Heart of Arts

A Review of POIGNANT TALES by Idaniloju Sotunsa

A Review of POIGNANT TALES by Idaniloju Sotunsa

Toyin Falola

Human beings are plagued with many challenges in various forms and magnitudes. Life will not always be rosy; it can be tough today and easy tomorrow, depressing today but joyful tomorrow. Some have food but cannot eat, while some can eat but have no food: that is life, e no balance. Until recently, people kept their problems to themselves, even after they might have surmounted those issues, to avoid stigma or misunderstanding from society. This has resulted in people remaining stuck and clueless in similar experiences with other persons who could have shared their story and how they got out of such situations, while some others who did not go through such challenges may be able to understand and help people. After all, experience, they say, is the best teacher. This is what Poignant Tales is set to achieve.

Poignant Tales touches on life’s challenges ranging from loss, grief, marriage, pregnancy and career. It recounts real-life stories of actual people who have been kept anonymous. Each individual in this book tells their story, the challenges life has thrown at them and how they navigated the course of their lives and emerged successful.

I must commend the author, Idaniloju Sotunsa, a first-year student of Mass Communication at Babcock University, for her brilliance and creativity in putting this work together, particularly in bringing to light certain issues which are mostly ignored, such as the part on “Trauma: Main Care Giver”. Her writing style in the form of a talk show is captivating and keeps the reader hooked till the end.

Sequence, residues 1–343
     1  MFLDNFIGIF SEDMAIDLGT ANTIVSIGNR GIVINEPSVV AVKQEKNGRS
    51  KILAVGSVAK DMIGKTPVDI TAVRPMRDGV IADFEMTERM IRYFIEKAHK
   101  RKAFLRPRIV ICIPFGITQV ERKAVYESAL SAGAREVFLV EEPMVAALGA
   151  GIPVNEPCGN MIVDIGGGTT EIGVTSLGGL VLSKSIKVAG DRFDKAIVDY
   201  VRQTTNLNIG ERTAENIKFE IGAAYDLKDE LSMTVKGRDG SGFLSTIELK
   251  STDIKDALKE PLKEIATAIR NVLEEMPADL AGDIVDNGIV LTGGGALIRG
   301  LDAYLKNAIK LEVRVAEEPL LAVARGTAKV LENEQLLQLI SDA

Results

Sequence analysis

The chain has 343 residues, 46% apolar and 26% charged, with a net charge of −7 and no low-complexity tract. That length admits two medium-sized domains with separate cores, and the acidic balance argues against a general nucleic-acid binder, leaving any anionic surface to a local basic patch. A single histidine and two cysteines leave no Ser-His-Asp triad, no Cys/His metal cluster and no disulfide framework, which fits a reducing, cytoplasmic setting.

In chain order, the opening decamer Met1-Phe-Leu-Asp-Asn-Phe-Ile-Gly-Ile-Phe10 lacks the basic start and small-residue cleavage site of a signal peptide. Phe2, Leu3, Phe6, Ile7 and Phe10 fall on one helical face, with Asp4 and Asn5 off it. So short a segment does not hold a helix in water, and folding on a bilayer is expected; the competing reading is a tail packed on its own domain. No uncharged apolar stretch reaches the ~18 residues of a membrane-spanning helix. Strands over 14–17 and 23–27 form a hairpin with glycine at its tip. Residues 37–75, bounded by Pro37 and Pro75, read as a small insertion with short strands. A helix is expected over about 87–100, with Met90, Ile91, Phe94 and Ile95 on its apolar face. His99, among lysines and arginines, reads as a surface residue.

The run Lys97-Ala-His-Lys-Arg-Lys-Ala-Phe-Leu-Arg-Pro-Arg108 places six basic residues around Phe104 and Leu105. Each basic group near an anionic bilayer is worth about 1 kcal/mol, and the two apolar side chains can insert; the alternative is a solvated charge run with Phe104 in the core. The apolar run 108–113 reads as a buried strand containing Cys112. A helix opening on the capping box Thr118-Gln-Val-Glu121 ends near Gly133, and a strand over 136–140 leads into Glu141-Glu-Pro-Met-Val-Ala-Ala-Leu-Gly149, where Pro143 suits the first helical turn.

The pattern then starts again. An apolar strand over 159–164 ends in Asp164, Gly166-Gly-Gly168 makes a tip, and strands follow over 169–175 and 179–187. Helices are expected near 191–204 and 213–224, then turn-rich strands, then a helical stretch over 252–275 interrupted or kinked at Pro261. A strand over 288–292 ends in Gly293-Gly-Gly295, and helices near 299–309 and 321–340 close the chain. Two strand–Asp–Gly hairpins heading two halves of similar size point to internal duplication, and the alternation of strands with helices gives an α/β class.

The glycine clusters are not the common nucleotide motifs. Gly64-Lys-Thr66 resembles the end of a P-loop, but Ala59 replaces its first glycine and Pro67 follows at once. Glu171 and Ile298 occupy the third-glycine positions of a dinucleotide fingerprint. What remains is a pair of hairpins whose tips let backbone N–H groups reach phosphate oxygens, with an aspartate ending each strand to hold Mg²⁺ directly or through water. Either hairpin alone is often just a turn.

The book opens with a social menace in which several discussions have been advanced, but victims avoid talking about Rape. Many people never recover from it; the memories torment them even years after the incident. It leaves a scar that may never heal. As traumatizing as rape is, rape survivors are forced to keep silent about it; directly by the predators or their parents, indirectly by a society which will place a tag on the survivor. It is important to state that women can be rapists too. There are stories of female domestic staff who have sexually molested their boss’ son. In Nigeria, it is easier to believe that a dog was raped than to believe that a man was raped. Hence, it is extremely difficult for people to come out to share their experiences, and when they do, they choose to be faceless to avoid the stigma and backlash that may follow. It is highly commendable that a survivor would share her story, despite the unbearable way it happened. It helps other survivors relate to her story and gives them hope.